“Consecrate yourselves today to the Lord” (Exod. 32:29).
“And who then is willing to consecrate his service this day unto the Lord?” (1 Chron. 29:5).
Said David Brainerd, the missionary to the North American Indians: “Here I am, Lord, send me, send me to the ends of the earth; send me to the rough savagepagans of the wilderness; send me from all that is called comfort in earth, or earthly comfort, send me even to death itself, if it be in Thy service, and to promote Thy kingdom.”
This consecration seems all the more sacred when we realize under what circumstances it was written. This young missionary had labored for several years among the Indians, sleeping on bits of straw, suffering extreme loneliness, eating foods almost unpalatable. His labors had been rewarded by a revival, and he had been blessed with the love and friendship of a godly daughter of Jonathan Edwards, so that he now thought a settled abode possible. But at this point, he received a doctor’s verdict that the disease against which he had been battling for years would soon end his life. Mounting his horse, he once again faced the roving, uncertain life of the wilderness to spend his few remaining days for the souls he longed to save.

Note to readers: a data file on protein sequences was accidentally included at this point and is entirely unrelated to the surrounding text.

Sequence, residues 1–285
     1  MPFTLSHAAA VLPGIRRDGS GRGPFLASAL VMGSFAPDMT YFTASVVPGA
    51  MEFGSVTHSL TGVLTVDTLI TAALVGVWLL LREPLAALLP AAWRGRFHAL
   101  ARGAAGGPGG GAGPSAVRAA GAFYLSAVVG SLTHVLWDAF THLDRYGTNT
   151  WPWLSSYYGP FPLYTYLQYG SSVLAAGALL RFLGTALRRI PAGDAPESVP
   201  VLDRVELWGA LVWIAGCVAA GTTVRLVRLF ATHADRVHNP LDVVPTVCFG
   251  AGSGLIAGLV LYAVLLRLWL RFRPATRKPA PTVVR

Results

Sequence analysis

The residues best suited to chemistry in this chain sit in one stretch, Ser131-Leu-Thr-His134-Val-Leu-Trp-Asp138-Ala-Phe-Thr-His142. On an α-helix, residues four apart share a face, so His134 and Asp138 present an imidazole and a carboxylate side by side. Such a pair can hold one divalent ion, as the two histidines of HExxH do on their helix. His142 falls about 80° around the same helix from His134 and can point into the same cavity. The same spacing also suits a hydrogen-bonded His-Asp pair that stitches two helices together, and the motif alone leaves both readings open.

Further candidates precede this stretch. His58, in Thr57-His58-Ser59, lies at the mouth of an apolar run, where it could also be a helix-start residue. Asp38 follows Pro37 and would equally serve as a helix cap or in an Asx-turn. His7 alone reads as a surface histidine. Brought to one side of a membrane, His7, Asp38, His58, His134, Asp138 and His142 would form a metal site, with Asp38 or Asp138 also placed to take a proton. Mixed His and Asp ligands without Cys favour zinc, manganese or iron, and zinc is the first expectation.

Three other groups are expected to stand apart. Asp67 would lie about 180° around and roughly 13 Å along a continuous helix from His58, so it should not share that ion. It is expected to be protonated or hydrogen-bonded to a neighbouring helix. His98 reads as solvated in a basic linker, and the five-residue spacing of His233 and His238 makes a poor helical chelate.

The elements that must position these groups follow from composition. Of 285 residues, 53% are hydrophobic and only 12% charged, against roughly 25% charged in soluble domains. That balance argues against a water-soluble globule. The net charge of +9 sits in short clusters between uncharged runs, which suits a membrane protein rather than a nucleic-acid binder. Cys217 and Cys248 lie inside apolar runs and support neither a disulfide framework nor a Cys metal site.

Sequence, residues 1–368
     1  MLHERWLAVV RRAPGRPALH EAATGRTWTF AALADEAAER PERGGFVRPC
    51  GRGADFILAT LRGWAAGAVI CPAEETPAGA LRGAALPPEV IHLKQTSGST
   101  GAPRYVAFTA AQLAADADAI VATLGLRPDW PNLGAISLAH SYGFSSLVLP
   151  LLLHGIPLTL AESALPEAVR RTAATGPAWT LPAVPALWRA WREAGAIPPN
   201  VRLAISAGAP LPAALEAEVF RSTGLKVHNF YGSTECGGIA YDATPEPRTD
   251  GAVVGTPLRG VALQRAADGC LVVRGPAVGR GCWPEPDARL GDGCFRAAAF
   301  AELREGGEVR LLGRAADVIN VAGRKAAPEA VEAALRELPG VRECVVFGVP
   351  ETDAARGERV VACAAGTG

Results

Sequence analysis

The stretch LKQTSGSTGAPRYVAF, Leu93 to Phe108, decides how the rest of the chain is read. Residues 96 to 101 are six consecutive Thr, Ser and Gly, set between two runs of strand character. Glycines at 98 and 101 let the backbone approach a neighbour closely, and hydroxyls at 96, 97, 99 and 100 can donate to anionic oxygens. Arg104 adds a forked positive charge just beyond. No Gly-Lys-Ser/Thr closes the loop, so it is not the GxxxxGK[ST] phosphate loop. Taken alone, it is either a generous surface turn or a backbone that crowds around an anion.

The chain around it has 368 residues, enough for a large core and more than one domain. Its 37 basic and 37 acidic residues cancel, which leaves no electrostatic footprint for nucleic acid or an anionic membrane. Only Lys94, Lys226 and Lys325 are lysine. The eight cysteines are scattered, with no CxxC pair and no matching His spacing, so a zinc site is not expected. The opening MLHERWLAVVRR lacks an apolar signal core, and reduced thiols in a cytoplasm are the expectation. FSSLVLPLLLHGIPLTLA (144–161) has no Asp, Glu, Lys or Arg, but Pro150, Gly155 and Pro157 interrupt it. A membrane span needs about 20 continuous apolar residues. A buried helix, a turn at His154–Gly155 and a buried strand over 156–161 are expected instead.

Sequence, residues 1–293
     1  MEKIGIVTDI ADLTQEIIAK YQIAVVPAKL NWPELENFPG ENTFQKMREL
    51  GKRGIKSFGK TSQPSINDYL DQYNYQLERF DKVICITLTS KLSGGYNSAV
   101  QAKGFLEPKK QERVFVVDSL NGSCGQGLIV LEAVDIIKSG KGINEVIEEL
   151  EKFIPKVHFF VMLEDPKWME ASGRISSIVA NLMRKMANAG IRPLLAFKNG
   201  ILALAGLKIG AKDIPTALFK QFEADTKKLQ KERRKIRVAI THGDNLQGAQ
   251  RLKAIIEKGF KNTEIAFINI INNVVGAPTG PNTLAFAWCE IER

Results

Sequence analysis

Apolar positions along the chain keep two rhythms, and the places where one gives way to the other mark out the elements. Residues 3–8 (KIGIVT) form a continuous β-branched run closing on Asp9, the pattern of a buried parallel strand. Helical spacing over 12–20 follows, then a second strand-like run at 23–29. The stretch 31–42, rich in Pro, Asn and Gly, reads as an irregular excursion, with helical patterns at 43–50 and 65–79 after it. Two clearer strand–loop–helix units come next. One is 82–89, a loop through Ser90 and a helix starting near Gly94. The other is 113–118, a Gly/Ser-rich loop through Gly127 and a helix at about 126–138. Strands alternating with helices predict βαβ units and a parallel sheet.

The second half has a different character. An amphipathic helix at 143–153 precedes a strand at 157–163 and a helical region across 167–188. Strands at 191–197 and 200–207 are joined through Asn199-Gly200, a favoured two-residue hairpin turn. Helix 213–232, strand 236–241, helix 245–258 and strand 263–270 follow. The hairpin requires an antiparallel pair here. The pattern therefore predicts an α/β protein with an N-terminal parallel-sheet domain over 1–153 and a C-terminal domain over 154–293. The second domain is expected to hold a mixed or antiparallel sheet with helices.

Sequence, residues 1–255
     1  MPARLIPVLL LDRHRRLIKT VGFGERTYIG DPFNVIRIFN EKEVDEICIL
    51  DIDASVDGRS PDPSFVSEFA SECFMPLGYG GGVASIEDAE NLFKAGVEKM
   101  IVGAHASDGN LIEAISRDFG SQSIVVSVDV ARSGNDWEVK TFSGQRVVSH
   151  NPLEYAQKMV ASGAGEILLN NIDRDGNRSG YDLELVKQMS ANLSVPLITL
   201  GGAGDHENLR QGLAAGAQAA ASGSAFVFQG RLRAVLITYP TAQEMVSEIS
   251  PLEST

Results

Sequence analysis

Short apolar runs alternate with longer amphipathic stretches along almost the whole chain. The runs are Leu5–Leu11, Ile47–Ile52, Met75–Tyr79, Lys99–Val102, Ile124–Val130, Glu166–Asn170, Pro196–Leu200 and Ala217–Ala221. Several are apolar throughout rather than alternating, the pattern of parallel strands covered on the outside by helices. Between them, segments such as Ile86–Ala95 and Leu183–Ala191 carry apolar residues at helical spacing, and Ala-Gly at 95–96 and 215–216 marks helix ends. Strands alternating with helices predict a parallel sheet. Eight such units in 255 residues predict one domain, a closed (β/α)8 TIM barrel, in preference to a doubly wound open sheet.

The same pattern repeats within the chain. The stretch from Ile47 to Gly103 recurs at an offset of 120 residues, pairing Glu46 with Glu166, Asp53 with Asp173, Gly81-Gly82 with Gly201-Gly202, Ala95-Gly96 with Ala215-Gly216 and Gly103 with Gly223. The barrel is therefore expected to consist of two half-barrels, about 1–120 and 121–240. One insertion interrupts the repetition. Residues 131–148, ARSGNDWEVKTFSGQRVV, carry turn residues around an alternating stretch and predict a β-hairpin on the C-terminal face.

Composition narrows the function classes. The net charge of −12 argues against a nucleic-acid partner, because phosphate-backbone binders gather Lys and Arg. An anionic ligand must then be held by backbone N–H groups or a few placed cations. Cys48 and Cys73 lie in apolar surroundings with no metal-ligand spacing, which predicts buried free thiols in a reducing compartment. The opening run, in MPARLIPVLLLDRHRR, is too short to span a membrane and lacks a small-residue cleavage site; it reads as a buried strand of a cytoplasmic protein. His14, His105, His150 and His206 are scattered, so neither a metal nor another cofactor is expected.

He continues: “At the same time, I had as quick and lively a sense of the value of worldly comforts, as I ever had: but only saw them infinitely overmatched by the worth of Christ’s kingdom, and the propagation of His blessed Gospel. A quiet settlement, a certain place of abode, the tender friendships of life, appeared as valuable to me, considered absolutely in themselves as ever before; but considered comparatively, they appeared nothing. Compared with the value and preciousness of an enlargement of Christ’s kingdom, they vanished as stars before the rising sun. Sure I am, that although the comfortable accommodations of life appeared valuable and clear to me, yet I did surrender and resign myself, soul and body, to the service of God, and to the promotion of Christ’s kingdom; though it should be in the loss of them all. I could not do any other, because I could not will or choose any other. I was constrained, and yet chose, to say, ‘Farewell, friends, and earthly comforts, the dearest of them all, the very dearest, if the Lord calls for it. Adieu, adieu; I will spend my life, to my latest moments, in the caves and dens of the earth, if the kingdom of Christ may thereby be advanced.’”